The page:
In the 1990s, the Chicago public school system embarked on an experiment in “detracking” reform, wherein it eliminated advanced math courses in high schools. The schools took an honors-for-all approach, making all students, regardless of aptitude or ability, take algebra or higher-level math beginning in ninth grade and eliminating remedial math courses.
The stated goal of detracking was to encourage more students to take challenging math courses and boost the number of graduates who went on to college.
As a 2014 report in EdWeek summarized, the experiment was a failure. All of the students suffered:
In the wake of that policy change, low-achieving students were more likely to fail 9th grade math and, eventually, less likely to graduate from high school. They were no more likely to attend college. In the meantime, higher-achieving students’ test scores declined, in part, the researchers suggested, because struggling and unsupported lower-achieving peers were slowing down the class. The high achievers were also less likely to go on to take advanced math, which may have helped explain why they were also less likely to attend college.
In other words, detracking didn’t help the students it was intended to help and harmed the students who had previously done well with tracking.
Educational policymakers offered many explanations for the failure, including that teachers weren’t properly trained to deal with the mix of students in their classrooms and didn’t receive enough professional development support. When Chicago reintroduced some elements of tracking, however, including advanced classes for high-performing students and more intensive remedial classes for poorly performing students, all students improved.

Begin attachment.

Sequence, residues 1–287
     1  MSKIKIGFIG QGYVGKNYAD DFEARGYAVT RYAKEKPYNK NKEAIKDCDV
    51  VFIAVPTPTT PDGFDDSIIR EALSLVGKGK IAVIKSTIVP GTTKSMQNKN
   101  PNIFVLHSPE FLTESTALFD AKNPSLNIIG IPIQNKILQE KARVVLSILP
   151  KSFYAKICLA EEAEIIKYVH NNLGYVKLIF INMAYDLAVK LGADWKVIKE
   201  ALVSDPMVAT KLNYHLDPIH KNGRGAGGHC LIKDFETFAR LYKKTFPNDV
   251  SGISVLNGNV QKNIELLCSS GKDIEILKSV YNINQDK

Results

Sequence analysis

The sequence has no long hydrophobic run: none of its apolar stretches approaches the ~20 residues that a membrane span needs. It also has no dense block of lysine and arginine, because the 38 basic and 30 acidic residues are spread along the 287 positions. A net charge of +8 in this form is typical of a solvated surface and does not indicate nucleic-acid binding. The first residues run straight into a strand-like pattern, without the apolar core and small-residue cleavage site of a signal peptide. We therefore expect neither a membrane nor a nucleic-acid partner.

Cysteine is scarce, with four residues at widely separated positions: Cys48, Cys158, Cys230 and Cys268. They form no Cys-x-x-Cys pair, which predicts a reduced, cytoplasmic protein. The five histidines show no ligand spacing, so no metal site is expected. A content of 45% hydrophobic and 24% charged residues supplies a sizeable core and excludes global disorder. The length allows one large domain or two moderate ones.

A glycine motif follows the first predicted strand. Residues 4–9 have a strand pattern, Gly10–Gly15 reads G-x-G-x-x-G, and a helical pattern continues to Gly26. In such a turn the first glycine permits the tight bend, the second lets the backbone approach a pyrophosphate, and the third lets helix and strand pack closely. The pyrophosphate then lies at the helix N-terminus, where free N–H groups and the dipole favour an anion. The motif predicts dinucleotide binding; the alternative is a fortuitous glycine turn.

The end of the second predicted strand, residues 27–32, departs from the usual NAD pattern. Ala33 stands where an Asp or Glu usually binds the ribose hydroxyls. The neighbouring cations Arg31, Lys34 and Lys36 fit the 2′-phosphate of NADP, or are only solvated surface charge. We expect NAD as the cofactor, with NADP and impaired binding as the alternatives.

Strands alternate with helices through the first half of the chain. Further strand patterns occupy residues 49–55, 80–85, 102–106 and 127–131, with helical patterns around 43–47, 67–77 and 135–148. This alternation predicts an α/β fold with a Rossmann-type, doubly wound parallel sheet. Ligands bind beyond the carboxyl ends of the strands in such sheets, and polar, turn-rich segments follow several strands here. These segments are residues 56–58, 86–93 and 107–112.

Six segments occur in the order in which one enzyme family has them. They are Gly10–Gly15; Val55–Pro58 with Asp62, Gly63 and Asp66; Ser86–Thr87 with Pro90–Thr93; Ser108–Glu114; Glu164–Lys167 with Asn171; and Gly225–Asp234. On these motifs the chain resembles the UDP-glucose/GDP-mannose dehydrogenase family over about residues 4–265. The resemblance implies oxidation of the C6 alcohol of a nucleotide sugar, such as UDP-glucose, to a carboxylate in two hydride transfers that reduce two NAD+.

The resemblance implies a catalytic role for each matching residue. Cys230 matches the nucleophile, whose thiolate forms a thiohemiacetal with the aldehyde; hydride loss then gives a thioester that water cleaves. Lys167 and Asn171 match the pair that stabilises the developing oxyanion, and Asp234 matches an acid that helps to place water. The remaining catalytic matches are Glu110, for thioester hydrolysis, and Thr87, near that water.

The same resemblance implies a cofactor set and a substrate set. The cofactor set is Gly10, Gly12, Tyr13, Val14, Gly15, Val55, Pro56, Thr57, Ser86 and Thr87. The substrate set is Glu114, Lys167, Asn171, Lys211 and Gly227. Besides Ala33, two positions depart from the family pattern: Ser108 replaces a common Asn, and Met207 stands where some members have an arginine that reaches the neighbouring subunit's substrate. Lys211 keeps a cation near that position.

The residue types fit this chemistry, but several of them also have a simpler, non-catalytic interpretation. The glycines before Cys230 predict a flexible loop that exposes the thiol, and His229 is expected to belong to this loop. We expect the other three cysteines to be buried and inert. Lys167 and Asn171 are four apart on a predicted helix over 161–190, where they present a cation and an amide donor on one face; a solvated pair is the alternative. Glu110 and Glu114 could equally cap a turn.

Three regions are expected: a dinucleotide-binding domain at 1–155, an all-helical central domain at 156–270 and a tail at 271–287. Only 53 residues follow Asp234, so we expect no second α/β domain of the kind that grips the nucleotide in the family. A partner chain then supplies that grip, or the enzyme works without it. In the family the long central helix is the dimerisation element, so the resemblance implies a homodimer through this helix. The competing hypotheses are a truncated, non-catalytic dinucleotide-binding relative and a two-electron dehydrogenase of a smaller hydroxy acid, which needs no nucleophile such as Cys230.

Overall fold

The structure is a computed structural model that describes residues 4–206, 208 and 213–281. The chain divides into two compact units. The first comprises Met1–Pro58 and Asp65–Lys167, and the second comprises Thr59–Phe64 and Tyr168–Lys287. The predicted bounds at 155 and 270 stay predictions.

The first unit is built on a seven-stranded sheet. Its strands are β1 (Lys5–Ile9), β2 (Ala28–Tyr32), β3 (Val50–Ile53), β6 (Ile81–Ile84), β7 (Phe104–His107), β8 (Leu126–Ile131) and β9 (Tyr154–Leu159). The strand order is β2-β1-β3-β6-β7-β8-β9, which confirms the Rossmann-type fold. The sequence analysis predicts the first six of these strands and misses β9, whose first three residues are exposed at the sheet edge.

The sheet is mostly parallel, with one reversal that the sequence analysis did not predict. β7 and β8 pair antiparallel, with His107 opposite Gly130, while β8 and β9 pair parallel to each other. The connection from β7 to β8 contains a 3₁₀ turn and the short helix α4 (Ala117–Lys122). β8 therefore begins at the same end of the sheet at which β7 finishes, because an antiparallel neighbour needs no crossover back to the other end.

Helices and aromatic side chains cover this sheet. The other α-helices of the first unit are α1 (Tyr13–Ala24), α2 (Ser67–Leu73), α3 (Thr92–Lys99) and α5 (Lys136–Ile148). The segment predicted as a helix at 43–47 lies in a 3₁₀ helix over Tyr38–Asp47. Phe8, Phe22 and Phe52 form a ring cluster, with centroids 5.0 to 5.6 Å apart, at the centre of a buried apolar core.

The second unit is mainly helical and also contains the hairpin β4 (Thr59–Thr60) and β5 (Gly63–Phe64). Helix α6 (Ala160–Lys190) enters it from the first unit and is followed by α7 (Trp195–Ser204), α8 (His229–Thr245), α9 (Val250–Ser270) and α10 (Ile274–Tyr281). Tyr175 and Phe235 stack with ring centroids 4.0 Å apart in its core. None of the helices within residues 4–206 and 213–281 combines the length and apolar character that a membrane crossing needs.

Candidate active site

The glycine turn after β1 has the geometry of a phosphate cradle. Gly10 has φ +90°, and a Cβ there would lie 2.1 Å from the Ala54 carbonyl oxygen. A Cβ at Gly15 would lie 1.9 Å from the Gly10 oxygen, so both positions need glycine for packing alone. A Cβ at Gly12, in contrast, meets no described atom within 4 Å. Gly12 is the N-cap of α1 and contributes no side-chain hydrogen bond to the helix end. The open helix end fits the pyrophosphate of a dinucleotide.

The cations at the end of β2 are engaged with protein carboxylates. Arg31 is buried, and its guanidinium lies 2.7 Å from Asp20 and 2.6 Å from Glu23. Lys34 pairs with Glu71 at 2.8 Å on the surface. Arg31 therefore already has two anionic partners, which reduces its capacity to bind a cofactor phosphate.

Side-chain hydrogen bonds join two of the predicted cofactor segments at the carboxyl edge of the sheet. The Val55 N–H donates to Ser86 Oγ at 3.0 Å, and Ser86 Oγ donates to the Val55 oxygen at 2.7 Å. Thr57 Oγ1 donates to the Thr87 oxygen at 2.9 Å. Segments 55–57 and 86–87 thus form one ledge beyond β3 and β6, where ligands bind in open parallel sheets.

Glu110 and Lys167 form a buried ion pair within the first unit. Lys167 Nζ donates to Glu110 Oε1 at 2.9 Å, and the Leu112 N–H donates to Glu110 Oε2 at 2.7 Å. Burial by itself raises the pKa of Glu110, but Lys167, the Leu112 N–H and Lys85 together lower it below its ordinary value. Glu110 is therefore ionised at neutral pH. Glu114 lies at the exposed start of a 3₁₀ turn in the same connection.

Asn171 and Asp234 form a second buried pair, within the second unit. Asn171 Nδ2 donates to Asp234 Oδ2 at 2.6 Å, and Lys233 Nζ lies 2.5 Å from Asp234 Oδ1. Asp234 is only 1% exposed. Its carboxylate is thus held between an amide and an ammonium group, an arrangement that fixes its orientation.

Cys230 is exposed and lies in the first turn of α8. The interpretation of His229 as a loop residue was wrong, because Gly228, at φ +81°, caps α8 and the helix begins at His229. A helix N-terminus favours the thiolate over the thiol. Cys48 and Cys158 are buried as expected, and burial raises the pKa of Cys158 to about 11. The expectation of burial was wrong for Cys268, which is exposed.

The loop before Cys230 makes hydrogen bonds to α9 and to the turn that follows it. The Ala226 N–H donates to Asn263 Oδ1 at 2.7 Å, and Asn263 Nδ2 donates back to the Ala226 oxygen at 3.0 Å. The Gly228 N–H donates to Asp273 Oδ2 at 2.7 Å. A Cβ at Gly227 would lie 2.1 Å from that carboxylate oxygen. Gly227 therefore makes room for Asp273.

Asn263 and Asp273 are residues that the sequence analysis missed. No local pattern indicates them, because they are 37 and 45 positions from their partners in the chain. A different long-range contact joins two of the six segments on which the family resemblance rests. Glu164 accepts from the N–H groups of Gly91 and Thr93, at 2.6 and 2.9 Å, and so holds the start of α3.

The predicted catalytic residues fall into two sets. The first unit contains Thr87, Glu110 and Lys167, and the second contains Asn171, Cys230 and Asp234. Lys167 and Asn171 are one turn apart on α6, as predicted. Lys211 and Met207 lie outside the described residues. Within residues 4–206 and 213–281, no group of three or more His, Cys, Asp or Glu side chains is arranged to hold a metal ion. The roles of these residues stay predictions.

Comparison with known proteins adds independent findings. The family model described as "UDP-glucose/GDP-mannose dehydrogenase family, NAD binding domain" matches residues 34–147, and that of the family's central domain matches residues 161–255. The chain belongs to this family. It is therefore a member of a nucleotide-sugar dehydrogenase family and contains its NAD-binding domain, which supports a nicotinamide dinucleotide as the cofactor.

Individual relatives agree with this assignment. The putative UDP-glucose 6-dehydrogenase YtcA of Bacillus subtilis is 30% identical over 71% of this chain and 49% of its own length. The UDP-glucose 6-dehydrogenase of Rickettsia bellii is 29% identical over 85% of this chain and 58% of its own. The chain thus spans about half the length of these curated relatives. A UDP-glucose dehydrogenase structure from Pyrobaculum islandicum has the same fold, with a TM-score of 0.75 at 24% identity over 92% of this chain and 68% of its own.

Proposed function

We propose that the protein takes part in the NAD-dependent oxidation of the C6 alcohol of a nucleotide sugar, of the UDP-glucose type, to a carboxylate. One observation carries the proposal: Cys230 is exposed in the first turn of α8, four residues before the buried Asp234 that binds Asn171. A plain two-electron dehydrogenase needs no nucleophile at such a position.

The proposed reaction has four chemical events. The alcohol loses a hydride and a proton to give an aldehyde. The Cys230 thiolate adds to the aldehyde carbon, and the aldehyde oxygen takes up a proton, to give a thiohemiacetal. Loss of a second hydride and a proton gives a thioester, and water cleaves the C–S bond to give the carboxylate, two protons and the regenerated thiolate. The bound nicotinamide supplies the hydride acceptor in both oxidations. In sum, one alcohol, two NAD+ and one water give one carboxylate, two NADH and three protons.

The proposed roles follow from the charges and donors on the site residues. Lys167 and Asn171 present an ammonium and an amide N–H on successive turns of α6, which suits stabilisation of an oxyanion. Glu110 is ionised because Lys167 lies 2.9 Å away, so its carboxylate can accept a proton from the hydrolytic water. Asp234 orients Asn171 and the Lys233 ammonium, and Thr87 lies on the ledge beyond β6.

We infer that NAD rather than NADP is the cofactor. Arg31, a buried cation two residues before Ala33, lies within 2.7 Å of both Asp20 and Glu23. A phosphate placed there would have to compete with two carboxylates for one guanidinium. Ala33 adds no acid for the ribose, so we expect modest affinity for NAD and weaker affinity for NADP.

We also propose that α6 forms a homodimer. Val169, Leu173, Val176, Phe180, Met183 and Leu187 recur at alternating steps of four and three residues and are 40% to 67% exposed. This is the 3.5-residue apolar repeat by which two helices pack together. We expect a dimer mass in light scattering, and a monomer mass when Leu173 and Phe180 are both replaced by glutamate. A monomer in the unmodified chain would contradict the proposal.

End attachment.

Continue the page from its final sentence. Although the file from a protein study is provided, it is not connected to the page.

“People often think that grouping low-achieving students together is detrimental,” Takako Nomi, an assistant professor of education at St. Louis University in Missouri, said at the time. But in fact, even among the lower-performing students, “scores actually improved despite declines in peer ability” in their tracked classes.
And yet, tracking continued to spark controversy. In 2014, Obama’s Department of Education made tracking an explicitly racial issue when its Office for Civil Rights targeted a New Jersey school district’s tracking program, claiming that it had too few black students in its advanced classes. As The Atlantic noted at the time, “The education department and advocates have said tracking perpetuates a modern system of segregation that favors white students and keeps students of color, many of them black, from long-term equal achievement.”
Ultimately, the school district had to enter a resolution agreement with the Department of Education that required them to hire a consultant to “come up with a plan to increase equity.” Other school districts that wanted to keep tracking programs, such as California’s Elk Grove school district, were required to make the students in the advanced program match the racial makeup of the school district.